Heathrow: Report Recommends Four Runways
An economist's study into the country's airport capacity recommends a four-runway airport at Heathrow.
As a fierce debate rages over the prospect of even a third, controversial, runway at the west London hub, Tim Leunig said it was clear the UK needed a four-runway airport if Britain was to compete with other big airports across Europe.
In the report for the think tank Policy Exchange, the best option is said to be four runways immediately west of the current Heathrow site in a move that would involve the M25 running under the airport and relocating the Wraysbury reservoir.
The existing two runways would be decommissioned under the plan which could apparently deliver a 75% increase in flights and passengers.
A four-runway airport at Luton in Bedfordshire would be the next-best but it said Thames Estuary airport plans, as supported by London Mayor Boris Johnson and by architect Lord Foster, were not practical.
Policy Exchange said an estuary airport would be too difficult to get to for too many people and would present greater environmental and construction challenges than expansion at Heathrow.
Also ruled out were four-runway airports at Gatwick or Stansted.
The report also called for a complete ban on the noisiest of aircraft at all times, a complete ban on night flights (between 11pm and 6.15am) and steeper landing angles to cut down on noise.
Mr Leunig said: "We can and should expand aviation capacity in south east England. Doing so will send a much needed signal to people that Britain is open for business.
"It is possible to expand Heathrow in such a way that it cements itself as Europe's number one hub, while significantly reducing the noise nuisance over west London.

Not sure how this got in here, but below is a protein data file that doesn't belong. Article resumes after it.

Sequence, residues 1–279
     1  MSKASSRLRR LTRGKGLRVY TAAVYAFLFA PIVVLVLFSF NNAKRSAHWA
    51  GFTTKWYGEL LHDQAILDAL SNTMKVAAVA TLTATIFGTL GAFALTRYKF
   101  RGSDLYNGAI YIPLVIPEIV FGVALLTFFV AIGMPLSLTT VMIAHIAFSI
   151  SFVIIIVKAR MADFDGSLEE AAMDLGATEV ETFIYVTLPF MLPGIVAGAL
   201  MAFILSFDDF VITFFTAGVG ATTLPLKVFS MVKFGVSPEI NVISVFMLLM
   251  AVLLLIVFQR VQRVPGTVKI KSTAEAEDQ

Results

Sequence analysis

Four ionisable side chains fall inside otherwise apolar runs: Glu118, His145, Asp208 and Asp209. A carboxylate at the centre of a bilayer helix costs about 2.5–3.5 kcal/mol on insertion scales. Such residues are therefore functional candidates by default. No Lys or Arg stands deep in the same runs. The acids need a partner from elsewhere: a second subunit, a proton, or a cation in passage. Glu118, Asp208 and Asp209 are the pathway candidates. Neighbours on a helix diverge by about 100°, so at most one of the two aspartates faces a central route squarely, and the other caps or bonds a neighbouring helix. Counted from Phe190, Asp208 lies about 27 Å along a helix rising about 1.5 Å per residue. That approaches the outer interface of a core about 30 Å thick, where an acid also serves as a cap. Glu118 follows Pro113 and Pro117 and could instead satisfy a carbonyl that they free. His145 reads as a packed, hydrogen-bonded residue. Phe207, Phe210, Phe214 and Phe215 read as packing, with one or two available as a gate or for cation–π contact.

"A four-runway airport would be straightforward to construct and relatively low cost by the standards of hub airports. It causes the lowest level of disruption to the wider economy of any likely airport expansion scenario."
A DfT spokeswoman said: "The strength with which the different options are put forward shows precisely why we were right to set up a proper independent review with the timescale to consider fully what is in the country's interest.
"Maintaining the UK's status as a leading aviation hub is vital to our economy and history suggests that, without an agreed evidence base and a high degree of political consensus, it will not be possible to deliver a lasting solution that is right for the UK."
Ministers have put off the final decision over whether to build a third runway at Heathrow until after the next general election.
Birmingham International Airport has been promoting itself as an alternative to expansion in the south east.
Paul Kehoe, its chief executive, told Sky's Jeff Randall Live he was "staggered" by the recommendation of four runways for Heathrow.
He said: " Heathrow is already a very constrained site. It's an excellent airport on two runways ...but it just can't cope in that location with extra runways.
"The third runway is a real challenge because of the requirements for Terminal 6 and widening of the M4 and re-widening of the M25 and all the extra infrastructure."
He concluded: "It just won't fit on that site."